Dear Graham Norton: 'My mother will not allow me to grow up into an adult'

Graham Norton
'She tells me she loves me but I’ve never really felt it' writes Tom Credit: Andrew Crowley,

Dear Graham

Ever since I was young I have been smothered by my mother – she tells me what to wear, where to go, who to like and how to act. I feel like she is ashamed of me, and often when she sees other guys my age she talks of them as if to say “why aren’t you more like them?”. She has no respect for my privacy; she thinks I’m a prude for not wanting to undress with my door open or leave the bathroom door unlocked. She and my father still go around naked in front of me at home. Whenever I try to raise my concerns or act in a way she dislikes she tells me she “didn’t raise me to be that way”.

To complicate things further, she is under the impression that I’m going to be living with her and my dad for the long term, because as their only child I’m going to take over the mortgage.

Every time I stand up to her she dismisses my concerns and I am reduced to tears. I feel so emasculated.

It’s awful because I love my mum but at the same time I absolutely resent her interference in my life

She tells me she loves me but I’ve never really felt it. I’m stuck in this vicious circle where I desperately want to break free, but my confidence is so low I can’t do it – moving out is not an option because she will ask why, she’ll interrogate me.

It’s awful because I love my mum but at the same time I absolutely resent her interference in my life. I have often thought that once she’s dead, I’ll be free – but that is a horrid thought, especially as her own mother died when she was 13 and she is forever going on about how lucky I am to have a mother.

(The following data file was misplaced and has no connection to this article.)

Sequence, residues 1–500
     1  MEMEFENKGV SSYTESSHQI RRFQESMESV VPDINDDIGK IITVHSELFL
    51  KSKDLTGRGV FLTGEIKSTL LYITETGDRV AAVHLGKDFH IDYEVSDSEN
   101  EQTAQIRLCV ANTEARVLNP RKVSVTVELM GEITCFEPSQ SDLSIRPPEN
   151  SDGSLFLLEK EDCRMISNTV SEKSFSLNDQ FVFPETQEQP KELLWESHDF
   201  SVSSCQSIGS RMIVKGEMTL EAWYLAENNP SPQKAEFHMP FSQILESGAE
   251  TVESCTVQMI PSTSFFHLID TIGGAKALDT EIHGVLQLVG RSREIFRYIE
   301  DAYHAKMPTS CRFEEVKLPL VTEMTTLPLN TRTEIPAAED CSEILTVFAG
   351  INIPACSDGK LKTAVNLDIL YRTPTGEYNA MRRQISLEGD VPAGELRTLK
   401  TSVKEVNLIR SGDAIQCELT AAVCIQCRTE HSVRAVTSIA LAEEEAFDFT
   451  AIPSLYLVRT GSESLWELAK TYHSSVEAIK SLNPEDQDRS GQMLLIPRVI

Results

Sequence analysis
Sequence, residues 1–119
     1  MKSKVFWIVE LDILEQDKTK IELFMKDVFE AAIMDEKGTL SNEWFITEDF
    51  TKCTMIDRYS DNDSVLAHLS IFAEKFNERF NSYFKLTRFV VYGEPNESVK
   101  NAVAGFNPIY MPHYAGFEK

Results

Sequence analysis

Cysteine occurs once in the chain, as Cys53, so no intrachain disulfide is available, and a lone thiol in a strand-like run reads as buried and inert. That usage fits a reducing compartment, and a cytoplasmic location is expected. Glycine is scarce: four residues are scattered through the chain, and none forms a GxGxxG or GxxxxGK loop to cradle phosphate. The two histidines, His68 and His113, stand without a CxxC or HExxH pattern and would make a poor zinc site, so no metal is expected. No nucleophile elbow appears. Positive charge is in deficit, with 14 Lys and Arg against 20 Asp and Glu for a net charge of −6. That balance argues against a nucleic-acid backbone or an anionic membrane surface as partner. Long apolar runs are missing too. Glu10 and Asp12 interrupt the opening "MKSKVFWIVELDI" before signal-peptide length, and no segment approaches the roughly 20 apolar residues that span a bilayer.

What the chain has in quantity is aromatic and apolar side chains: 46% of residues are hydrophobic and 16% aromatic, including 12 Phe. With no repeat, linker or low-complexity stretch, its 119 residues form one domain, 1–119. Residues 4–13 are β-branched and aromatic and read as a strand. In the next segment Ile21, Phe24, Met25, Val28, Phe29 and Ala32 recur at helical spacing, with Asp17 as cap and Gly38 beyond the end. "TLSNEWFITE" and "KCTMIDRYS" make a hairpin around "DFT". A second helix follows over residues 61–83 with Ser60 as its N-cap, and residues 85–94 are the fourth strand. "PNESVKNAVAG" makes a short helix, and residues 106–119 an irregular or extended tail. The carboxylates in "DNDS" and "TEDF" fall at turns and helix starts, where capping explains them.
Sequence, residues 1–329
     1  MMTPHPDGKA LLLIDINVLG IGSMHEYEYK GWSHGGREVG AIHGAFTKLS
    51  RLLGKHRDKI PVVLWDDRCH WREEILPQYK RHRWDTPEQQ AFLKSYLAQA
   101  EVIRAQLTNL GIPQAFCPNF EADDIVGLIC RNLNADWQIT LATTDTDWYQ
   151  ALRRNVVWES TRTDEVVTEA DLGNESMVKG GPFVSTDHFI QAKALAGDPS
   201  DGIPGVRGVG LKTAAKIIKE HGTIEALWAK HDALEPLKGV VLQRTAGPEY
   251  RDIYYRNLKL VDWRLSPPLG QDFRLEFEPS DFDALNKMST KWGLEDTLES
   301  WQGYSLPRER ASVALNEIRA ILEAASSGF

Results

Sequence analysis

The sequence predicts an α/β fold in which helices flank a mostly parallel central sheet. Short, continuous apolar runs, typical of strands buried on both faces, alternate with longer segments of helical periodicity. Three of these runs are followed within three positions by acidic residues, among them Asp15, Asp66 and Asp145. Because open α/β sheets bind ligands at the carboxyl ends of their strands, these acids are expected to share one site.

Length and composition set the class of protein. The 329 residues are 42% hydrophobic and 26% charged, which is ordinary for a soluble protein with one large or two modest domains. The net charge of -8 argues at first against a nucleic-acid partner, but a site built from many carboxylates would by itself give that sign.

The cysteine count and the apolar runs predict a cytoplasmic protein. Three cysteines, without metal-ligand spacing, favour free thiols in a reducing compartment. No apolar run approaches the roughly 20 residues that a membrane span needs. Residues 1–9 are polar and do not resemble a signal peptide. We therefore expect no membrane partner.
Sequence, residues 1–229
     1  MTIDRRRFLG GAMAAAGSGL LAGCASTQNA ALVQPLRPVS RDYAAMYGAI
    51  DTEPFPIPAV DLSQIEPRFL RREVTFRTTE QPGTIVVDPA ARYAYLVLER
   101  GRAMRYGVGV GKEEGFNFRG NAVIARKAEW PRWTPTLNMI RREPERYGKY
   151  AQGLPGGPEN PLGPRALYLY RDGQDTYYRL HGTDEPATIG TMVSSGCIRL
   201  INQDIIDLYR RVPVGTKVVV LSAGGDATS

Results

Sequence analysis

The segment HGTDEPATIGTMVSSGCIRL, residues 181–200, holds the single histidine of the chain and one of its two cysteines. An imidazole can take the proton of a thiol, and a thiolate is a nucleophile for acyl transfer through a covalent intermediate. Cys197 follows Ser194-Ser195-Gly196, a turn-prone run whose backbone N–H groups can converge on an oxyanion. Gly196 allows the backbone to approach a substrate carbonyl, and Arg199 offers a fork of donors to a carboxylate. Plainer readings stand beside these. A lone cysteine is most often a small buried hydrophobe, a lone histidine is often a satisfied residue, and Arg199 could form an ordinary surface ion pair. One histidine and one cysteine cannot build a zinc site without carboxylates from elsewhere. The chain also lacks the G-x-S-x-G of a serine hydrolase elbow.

I want to grow up and be a man, but at the moment I’m a scared little boy. Please help me become my own adult person.

Tom, London

Dear Tom

Parents, especially mothers, often find it hard to let go, but what you are describing doesn’t sound very healthy at all. I don’t know how old you are, but even if you are still at school, your mother shouldn’t be making you burst into tears regularly or inhibiting your independence.

Your mother can dress up her behaviour by saying she is trying to protect you or she just wants the best for you, but at its heart this is simply about her desire for control. It is unlikely that she will ever change, so you must. Don’t think of this situation in terms of huge gestures and dramatic declarations. I suggest baby steps. You buy a shirt she doesn’t like, then you continue to wear it. You rearrange the furniture in your room or hang posters she doesn’t approve of. I’m sure she will make her feelings known but it is up to you to not back down.

'The more you spread your wings, the easier you will find it to leave the nest', says Graham Credit: Andrew Crowley

You talk about who your mother wants you to be, but I think it is important to find out who you actually are. With a stronger sense of your own identity will come a greater confidence. What are you interested in, what do you enjoy outside of the home? Try to do things that mean you are out more and preferably socialising with others. Of course your mother will ask questions about where you have been, but simply tell her. Don’t feel you have to apologise or defend yourself.

Your independence won’t come overnight, but the more you spread your wings the easier you will find it to leave the nest.

Remember that having a baby doesn’t come with any qualifications and your mother is attempting to do the job of parent as well as she can. I’m sure she can be intimidating but ultimately you can’t blame your mother for everything that is wrong with your life.

You want things to change, and although it will be difficult, that change must come from you. I wish you strength.

More Agony

Ask Graham

Email[email protected]

Write: Dear Graham, The Daily Telegraph, 111 Buckingham Palace Road, London SW1W 0DT 

When appropriate, the best letter will win a bottle of Champagne Louis Roederer Brut Premier.